I mentioned to a friend that the past two days have sort of been a revisit to the ‘modern world’ somewhat in that I felt really affected by my findings so that I didn’t get my housework done, we had Chinese food last night, instead of my cooking, I went shopping (though only vintage shopping) instead of writing my blog, I watched some “tv” (it was vintage don’t worry and no real commercials) and now I felt horrible. She said, “Oh, that’s so sad. So you can’t relax and just be lazy, that is really sad” and I was shocked by her answer. “I don’t want to be lazy!” I said, “I don’t want to just relax and think about myself and how I feel and hide away, I feel better AND happier, doing things. Laziness no longer  a reward to me. I would rather have free time working in the garden, or organizing a cabinet, or doing something. Just sitting and watching things on screens is not fun for me. Or buying something to make me feel better; to fill the emptiness inside, I don’t like it anymore and probably never really did”.

It was at that moment that I realized how much I have gained already from this experiment. I have already changed a major part of my modern personality: that I used to think reward is sitting on my bum, staring at moving pictures and eating. This was once a treat. Something I did look forward too (no wonder I have gained so much weight in the past few years!) This is the ‘ideal day off’ that so many people think homemakers have, “Oh, you must get to sit around and watch t.v. and eat bon bons all day!” Ha!, now that is not fun but a punishment!

So, again, my vintage reality has stepped in to save me. 1955 took me up by my shirt collar and said, “What are you doing? Don’t waste your time wallowing in your own misery and just don’t WASTE YOUR TIME”. We all only have so much time, really, so why am I going to want to spend it sitting and staring at moving pictures or just buying things that I don’t need?

I feel renewed and am more ambitious than ever to get back to it. I can try to sympathize with my 1955 self and think of the days during the war when you were exhausted and depressed and just wanted to curl up in a ball, but you couldn’t. You WOULDN’T. You’d get up, dust yourself off, and get out there and do it for others if not for yourself. Then you’d be taken out of yourself and really feel a happiness that I have never felt before. I am not even really doing that much for others as of yet, except trying to make a nice home for my family and friends, but that already gives me more satisfaction than watching t.v. and eating snacks, the old ‘relaxation’.

I thought of the grandmother in the British reality show, “the 1940’s house”. I haven’t seen it in a few years and I own it, but can’t really watch it as it hasn’t been made yet, but I suddenly recalled the end of it. How she, the grandmother,  was so greatly changed by her time in 1940’s. How she stopped shopping at big stores and didn’t buy prepackaged anymore. Her grandchildren said, ‘Yea, we used to have a cool grandmother and now she is gone off her rocker’. That really hit home for me. Here she was, an older woman and a grandmother and all she had really learned was to grow up. She didn’t need to be ‘cool’ to a 10 year old way of thinking, but in fact be a grown up. To take responsibility for her actions and her family and her community. She took a few minutes to just think, “ I actually spend less by shopping locally and not just buying cheap prepackaged foods. I help my local community as well as get to know them. My free time is spent in working and enjoying it not watching t.v. and just ‘goin down the pub with my daughter ‘. I don’t know why I hadn’t remembered that before, but I recalled how it had changed her.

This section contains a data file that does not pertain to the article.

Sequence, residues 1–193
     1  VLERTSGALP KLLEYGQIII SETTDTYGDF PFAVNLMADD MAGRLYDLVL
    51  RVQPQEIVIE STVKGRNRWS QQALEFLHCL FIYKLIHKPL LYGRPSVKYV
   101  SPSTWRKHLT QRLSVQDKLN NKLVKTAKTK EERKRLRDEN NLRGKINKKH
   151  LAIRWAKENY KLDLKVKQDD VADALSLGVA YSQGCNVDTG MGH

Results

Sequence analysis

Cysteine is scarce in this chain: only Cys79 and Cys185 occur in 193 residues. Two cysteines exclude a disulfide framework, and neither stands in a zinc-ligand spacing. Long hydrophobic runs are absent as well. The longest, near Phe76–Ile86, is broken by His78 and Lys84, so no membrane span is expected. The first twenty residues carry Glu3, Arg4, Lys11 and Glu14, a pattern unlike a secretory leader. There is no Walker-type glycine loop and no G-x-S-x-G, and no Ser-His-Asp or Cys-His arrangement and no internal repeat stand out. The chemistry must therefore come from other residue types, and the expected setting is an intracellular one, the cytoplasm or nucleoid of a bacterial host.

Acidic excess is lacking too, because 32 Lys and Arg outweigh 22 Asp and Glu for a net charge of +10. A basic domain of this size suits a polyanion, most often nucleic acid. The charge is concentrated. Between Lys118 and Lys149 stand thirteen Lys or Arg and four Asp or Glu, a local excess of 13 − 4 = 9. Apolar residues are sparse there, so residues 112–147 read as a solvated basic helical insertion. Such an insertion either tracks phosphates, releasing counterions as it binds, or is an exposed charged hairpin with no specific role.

I feel the same. This has changed me. I can’t ever totally go back to that person on Dec. 31 2008. I can’t. And, really, I don’t want to.  I have so much learning and growing and growing up to do, really. But, you know what, for the first time in my life I WANT to be an adult. Here I am closer to 40 than 30 just realizing it, but I don’t think I am alone in our modern world in that. I don’t want to be a perpetual baby trying to ‘find myself’ and only seeking personal enjoyment in video games and tv and entertainment only. We are so over stimulated, that we bore so easily and constantly need to be entertained, like great spoiled babies, wanting someone to rattle their keys in our face to amuse us. I actually want to grow up. I want others to feel this feeling. I cannot explain it. It has an elation and happiness to it that I cannot explain. I have never ever felt this particular form of happiness before. And all of it came, along with the sadness and frustration, from opening my eyes and looking around at the world in which I live. REALLY looking at it. Asking myself WHY?